Both used the letters to condemn "hegemony," an allusion to their common goal of opposing what they see as a US-led world order.
During his visit to Moscow, Xi will need to tread carefully. At stake for the Chinese leader is whether he can strengthen ties with a partner China sees as critical to countering perceived US dominance while not alienating a Europe wary of the China-Russia relationship.
Chinese leader Xi Jinping celebrated his 66th birthday alongside Russian President Vladimir Putin in the Tajik capital Dushanbe in 2019
Putin launched his invasion just days after he and Xi declared a "no-limits" alliance in February.
Since then, China has claimed neutrality while supporting Kremlin rhetoric blaming NATO for the conflict, refusing to condemn the invasion and continuing to financially support Moscow by significantly increasing purchases of Russian fuel.
Ukrainian President Volodymyr Zelensky has previously stated publicly his desire to speak with Xi about the conflict, though communication between the two countries has not progressed beyond the ministerial level since the war began.
Following a Wall Street Journal report that the two were planning to speak for the first time after Xi's then-potential Moscow trip, Ukrainian, Chinese, and US officials all declined last week to confirm a potential virtual meeting between Zelensky and Xi.
In contrast, this week's state visit marks Putin and Xi's 40th meeting since the Chinese leader took power in 2012.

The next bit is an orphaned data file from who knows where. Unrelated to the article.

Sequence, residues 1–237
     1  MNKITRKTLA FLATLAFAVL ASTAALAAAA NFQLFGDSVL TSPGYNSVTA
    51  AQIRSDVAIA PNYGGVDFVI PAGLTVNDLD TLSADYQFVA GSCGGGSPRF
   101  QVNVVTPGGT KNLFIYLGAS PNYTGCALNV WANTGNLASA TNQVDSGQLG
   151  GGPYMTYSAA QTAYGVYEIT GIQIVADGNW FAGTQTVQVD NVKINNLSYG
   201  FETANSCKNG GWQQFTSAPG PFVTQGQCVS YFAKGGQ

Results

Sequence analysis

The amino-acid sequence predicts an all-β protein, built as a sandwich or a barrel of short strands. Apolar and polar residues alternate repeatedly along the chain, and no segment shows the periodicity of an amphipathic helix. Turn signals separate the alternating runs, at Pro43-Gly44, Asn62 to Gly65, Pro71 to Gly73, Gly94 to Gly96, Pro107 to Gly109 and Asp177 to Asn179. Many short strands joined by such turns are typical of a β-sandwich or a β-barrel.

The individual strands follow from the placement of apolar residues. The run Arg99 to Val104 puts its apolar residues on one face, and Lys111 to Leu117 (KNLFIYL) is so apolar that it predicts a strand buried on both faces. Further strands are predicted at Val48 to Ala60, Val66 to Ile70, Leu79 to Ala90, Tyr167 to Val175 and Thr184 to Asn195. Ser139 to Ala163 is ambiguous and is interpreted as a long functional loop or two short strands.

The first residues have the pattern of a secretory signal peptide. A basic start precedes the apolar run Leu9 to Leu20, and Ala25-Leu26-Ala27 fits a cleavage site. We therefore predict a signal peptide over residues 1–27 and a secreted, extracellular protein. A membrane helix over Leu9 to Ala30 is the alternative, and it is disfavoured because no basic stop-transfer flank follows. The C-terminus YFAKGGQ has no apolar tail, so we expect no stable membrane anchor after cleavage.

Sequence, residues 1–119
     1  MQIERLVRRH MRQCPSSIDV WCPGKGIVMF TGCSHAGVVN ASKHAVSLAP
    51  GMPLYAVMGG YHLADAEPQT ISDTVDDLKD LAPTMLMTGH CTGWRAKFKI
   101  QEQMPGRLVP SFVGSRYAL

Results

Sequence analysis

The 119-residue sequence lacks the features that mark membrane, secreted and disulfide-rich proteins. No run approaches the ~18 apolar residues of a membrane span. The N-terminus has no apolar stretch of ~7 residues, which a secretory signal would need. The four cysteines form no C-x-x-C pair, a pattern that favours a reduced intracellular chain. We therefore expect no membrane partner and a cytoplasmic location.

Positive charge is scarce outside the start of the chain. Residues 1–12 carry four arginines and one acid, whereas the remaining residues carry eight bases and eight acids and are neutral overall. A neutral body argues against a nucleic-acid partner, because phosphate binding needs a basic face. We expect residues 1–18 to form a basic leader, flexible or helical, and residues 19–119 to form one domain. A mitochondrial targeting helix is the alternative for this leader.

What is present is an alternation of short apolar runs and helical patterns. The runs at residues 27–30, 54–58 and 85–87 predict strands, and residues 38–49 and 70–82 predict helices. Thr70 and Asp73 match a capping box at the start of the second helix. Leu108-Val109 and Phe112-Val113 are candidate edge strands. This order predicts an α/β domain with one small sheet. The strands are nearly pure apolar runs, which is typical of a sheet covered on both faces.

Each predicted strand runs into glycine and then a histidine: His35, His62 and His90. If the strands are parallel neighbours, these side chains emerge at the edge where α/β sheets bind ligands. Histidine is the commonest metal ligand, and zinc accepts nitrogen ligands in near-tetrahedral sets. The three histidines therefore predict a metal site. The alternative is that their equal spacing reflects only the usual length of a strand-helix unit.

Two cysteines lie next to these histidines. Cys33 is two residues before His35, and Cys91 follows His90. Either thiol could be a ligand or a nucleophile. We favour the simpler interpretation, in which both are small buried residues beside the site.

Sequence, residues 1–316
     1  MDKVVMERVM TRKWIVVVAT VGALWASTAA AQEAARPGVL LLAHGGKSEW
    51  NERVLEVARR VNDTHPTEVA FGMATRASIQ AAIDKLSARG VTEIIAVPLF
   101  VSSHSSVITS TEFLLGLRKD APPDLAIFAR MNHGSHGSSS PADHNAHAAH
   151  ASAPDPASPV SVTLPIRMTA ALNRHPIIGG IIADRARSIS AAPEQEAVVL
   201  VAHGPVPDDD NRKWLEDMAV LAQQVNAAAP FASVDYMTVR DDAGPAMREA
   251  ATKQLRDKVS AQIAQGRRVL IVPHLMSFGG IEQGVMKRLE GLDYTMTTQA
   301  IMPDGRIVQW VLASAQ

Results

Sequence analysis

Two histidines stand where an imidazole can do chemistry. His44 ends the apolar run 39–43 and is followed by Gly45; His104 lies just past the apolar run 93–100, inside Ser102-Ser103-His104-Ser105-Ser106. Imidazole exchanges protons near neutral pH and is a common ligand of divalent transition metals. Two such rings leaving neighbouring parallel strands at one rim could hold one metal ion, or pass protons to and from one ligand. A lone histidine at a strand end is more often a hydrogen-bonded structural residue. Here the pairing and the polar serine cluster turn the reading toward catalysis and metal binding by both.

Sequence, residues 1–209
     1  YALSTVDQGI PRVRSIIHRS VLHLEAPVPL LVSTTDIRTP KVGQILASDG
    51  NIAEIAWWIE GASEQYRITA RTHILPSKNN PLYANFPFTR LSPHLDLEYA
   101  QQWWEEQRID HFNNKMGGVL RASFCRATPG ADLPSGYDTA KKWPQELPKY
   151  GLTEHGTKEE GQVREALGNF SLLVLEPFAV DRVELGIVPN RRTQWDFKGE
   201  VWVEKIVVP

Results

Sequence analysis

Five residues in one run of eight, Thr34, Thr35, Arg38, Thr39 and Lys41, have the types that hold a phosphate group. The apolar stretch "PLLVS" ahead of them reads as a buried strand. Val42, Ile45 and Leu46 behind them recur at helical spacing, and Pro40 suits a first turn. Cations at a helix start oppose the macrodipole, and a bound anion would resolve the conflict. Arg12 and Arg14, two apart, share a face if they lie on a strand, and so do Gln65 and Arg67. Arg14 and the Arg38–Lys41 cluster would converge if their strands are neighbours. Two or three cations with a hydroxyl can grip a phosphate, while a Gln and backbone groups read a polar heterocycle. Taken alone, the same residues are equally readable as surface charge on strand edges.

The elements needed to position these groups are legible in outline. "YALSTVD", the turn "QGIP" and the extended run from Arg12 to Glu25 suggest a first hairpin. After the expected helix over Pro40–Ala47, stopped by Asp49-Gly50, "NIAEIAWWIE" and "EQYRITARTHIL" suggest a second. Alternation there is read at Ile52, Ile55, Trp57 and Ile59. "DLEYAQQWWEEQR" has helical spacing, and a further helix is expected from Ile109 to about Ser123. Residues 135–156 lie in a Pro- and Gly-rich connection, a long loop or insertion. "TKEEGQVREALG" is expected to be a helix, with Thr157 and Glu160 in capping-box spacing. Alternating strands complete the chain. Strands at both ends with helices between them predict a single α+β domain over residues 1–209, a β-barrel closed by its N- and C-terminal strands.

The personal chemistry between the two authoritarian leaders is widely regarded as a key driver of the countries' recent tightening ties - and will be closely scrutinized during the visit.
Previous meetings between the leaders have highlighted that rapport, with photo opportunities including Putin presenting Xi with ice cream on his 66th birthday during a 2019 meeting in Tajikistan, and the two cooking Russian pancakes together on the sidelines of a forum in Vladivostok in 2018.
The two last met in person in September at a Shanghai Cooperation Organization summit, as part of Xi's first overseas trip since the pandemic, which prevented him from traveling for nearly three years.
Putin, who referred to Xi as his "good old friend" in a letter published in Chinese state media on Monday, is expected to use the meeting to demonstrate to domestic audiences that Russia is not isolated on the global stage.